I used to use my 2WD Ramcharger to go explore before I sold it. The Subaru will hopefully be "quick like a bunny" once it's tuned and fixed.

 

Rev it up as much as you like. She will only get too hot ifther eis a problem with the gooling system, at any rpm.

 

The engine cruises best between 2500 and 3500 rpm. 3500 rpm is expected at highway speed. She really comes alive if you let her rev out to 4500-5500 when accelerating.

 

If you find yourself driving at 15oo rpm, short shifting, bogging and lugging, you will get worse performance and fuel economy and complain how show your car is.

 

Yea, I'm slowly realizing this when I test drive it to diagnose issues. Apparently, it likes the revving.

 

Pick up one of those cheap (~$30) floor jacks from Walmart or Harbor Freight, with at least a 17" lifting height. And for safety, a jack stand or two and maybe some wheel chocks (for when you jack the front end up). I wouldn't work under any vehicle relying on just the hydro jack alone, and particularly a bottle jack. Bonus is that most of the smaller floor jacks will fit in the compartment in the cargo area.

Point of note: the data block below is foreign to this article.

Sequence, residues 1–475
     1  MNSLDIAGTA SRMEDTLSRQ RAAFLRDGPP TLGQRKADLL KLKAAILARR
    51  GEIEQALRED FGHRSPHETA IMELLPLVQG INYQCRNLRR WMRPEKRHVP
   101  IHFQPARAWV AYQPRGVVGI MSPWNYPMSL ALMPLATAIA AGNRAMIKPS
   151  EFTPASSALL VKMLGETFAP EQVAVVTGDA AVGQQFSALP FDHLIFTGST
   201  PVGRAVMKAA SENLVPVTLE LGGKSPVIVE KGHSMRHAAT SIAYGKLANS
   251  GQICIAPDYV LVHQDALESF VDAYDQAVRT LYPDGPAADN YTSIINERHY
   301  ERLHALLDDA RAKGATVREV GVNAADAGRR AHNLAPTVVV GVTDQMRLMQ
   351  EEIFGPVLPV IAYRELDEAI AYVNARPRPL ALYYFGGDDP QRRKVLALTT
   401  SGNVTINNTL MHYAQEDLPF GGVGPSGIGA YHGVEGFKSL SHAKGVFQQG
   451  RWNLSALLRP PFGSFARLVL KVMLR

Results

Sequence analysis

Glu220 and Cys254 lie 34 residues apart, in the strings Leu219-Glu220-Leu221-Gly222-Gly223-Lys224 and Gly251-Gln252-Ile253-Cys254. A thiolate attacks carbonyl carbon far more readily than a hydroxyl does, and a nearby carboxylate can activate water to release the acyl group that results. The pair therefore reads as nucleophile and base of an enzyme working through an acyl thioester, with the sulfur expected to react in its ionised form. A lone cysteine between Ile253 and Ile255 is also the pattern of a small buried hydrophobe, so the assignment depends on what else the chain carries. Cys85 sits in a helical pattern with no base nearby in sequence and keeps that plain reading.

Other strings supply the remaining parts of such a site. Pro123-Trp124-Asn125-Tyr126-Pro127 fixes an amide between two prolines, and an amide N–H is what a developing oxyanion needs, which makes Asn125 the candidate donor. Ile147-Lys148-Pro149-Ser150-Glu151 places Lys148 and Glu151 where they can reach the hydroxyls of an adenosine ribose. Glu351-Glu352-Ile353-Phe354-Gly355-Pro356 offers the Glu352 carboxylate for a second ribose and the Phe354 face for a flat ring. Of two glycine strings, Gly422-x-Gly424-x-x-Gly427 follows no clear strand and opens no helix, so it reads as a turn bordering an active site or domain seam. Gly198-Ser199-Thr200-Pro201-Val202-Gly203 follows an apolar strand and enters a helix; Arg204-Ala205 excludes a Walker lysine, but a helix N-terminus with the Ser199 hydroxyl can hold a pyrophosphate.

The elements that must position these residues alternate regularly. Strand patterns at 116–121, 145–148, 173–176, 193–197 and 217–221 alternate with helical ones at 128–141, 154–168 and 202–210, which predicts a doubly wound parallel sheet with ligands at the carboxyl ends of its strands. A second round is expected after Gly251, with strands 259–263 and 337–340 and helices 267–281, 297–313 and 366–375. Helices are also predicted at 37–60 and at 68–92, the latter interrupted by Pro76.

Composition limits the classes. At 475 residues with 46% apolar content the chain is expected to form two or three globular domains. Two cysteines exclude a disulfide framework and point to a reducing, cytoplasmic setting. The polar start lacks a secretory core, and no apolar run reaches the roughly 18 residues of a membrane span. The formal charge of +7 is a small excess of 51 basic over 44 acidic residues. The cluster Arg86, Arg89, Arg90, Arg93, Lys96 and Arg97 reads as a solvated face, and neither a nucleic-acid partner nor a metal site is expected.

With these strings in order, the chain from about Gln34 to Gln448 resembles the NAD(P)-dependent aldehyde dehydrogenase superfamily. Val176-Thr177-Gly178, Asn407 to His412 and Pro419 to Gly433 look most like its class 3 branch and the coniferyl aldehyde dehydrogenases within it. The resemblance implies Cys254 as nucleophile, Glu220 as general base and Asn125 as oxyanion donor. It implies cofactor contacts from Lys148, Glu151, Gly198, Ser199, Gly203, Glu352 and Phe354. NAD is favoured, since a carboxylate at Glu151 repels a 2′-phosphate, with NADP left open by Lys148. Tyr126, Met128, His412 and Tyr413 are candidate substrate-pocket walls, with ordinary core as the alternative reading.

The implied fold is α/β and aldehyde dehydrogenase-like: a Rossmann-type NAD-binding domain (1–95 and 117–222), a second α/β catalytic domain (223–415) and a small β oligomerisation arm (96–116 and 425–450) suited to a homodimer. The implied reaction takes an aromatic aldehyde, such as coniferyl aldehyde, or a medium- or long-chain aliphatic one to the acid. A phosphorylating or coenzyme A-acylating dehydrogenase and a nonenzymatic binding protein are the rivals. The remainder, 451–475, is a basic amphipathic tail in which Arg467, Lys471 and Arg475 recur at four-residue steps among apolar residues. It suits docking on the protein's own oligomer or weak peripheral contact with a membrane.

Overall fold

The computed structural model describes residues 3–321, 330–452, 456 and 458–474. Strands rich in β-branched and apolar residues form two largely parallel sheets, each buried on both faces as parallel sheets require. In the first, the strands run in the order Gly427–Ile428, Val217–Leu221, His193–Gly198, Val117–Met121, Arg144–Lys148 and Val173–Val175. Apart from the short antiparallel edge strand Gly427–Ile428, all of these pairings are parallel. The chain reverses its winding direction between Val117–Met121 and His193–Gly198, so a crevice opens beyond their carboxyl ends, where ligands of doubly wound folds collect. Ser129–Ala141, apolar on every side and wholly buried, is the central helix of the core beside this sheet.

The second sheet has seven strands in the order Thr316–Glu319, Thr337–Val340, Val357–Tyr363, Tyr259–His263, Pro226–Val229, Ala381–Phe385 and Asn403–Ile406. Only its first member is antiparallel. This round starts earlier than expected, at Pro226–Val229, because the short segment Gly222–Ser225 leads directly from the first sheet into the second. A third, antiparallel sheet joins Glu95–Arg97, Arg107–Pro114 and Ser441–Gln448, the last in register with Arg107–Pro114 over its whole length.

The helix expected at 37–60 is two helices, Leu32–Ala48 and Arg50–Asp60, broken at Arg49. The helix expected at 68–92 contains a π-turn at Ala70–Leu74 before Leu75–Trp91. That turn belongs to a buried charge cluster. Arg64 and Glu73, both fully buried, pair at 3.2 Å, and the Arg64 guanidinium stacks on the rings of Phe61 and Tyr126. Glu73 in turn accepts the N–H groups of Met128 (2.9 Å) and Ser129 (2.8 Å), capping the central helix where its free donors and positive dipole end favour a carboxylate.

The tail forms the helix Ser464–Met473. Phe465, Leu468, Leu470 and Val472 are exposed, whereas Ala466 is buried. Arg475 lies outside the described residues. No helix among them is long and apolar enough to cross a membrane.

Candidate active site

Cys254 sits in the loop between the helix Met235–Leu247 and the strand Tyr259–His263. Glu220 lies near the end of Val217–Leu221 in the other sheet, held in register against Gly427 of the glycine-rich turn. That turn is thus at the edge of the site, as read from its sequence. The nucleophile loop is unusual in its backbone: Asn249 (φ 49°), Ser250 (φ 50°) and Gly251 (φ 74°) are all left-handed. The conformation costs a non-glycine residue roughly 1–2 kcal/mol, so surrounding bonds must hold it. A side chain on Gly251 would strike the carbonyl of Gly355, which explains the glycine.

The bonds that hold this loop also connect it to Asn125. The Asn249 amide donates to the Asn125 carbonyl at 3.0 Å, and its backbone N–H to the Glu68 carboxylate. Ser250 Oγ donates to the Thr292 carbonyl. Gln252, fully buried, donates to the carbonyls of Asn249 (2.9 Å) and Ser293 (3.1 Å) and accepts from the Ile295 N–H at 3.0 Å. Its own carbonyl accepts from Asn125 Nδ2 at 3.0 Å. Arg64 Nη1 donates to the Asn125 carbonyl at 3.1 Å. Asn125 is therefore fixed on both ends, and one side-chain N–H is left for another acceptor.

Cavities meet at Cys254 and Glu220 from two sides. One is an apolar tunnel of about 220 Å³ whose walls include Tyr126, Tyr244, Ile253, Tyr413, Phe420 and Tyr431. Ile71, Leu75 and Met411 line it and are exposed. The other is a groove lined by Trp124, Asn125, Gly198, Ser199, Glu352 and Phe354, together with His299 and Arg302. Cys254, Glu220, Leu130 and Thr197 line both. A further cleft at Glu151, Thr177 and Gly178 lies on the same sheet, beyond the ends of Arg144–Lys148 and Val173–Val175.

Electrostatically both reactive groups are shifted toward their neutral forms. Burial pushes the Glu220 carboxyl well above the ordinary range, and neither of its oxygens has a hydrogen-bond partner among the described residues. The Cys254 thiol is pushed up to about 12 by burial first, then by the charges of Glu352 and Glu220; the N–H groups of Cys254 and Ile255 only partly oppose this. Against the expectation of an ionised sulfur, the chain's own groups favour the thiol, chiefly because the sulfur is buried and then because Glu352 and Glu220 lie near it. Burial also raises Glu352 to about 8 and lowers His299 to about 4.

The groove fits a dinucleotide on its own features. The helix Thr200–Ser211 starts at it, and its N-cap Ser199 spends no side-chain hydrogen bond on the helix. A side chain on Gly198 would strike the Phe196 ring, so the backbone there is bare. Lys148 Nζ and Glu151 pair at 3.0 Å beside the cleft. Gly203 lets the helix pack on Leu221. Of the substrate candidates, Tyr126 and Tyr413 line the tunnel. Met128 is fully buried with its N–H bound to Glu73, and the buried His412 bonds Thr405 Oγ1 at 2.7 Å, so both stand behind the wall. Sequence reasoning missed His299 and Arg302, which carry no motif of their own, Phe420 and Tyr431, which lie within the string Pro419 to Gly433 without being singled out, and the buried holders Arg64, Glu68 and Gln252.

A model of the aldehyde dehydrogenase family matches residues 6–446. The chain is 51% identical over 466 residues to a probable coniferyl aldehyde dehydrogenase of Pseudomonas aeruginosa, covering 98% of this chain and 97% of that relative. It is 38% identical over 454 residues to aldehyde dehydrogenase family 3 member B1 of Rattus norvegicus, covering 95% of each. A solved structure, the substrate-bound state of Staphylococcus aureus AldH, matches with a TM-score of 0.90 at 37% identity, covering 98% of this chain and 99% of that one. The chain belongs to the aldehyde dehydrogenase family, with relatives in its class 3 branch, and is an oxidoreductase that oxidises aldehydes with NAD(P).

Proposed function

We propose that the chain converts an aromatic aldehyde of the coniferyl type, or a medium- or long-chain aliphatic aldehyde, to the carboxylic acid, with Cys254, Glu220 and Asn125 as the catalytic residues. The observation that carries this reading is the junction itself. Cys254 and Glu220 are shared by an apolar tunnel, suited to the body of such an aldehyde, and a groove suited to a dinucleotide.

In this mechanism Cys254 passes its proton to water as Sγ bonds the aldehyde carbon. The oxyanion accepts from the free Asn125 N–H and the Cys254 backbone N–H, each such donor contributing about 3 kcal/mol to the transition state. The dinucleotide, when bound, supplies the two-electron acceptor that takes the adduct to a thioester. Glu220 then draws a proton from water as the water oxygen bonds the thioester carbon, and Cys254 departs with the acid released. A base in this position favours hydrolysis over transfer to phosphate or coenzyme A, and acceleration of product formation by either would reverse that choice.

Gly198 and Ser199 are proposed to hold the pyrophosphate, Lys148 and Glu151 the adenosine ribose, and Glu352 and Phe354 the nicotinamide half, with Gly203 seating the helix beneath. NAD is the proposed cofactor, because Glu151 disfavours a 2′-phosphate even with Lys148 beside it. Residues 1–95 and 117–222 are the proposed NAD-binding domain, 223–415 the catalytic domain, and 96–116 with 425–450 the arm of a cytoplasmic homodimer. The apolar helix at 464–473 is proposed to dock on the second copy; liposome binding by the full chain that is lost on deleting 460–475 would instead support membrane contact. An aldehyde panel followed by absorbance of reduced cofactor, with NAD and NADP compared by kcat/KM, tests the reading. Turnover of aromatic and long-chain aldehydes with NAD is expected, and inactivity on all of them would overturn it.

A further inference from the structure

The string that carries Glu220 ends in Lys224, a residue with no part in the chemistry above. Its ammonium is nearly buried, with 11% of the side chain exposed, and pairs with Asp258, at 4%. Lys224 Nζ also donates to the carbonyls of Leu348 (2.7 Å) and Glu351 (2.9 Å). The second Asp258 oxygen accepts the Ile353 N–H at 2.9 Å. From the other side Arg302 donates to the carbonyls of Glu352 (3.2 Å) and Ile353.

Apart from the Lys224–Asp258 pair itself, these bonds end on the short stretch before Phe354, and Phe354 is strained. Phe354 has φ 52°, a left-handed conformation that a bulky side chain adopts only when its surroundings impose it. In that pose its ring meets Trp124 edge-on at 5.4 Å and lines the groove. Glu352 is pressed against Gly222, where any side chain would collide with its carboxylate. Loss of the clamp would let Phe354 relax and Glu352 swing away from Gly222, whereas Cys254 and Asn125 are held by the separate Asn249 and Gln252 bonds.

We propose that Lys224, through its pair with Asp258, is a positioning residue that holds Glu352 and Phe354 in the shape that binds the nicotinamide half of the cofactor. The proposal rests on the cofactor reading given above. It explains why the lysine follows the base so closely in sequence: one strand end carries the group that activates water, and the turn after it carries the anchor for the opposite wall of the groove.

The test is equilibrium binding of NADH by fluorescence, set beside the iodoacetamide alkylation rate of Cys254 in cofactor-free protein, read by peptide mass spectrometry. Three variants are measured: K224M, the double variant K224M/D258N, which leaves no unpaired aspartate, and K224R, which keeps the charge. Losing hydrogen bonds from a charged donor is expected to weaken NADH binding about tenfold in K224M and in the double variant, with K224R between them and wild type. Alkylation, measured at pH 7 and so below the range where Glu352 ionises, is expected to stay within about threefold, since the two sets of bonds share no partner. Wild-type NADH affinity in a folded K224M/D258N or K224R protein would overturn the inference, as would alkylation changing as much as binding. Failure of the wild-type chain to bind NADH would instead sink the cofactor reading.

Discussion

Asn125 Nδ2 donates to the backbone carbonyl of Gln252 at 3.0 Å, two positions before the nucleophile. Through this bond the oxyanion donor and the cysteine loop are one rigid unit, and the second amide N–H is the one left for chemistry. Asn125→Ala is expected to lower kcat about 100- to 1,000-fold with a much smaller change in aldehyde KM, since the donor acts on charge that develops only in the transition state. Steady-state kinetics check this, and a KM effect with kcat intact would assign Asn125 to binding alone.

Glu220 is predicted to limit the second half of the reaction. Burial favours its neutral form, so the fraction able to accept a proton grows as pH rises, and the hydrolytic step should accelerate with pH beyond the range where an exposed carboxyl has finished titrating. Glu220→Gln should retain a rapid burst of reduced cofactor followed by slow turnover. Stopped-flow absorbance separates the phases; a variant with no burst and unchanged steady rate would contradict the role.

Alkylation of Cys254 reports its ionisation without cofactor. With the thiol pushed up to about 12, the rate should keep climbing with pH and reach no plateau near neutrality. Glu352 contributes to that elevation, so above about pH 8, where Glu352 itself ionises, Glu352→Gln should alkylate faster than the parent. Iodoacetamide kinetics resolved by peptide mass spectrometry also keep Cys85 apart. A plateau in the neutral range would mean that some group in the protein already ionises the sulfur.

Yea, I realized from personal experience that bottle jacks work, but well enough to perhaps change a tire. The one I had bought/returned a week ago didn't go high enough and realizing this thin metal pole was supporting a 2500 lb car didn't put my mind at ease. I prefer scissor/floor jacks myself. Scissor jacks when I don't have any place to stow the floor jack.

 

Here's another issue I forgot to address in my original post (seems these things slip the mind unless in the car), I can't get the car to go above 35mph without engaging the clutch and seriously revving then disengaging the clutch and accelerating again to use the higher RPMs as momentum. Even then, I may be lucky to see 45MPG. Compression issues perhaps? Keep in mind the distributor cap/rotor, plug wires, plugs, fuel filter, and air filter are all new.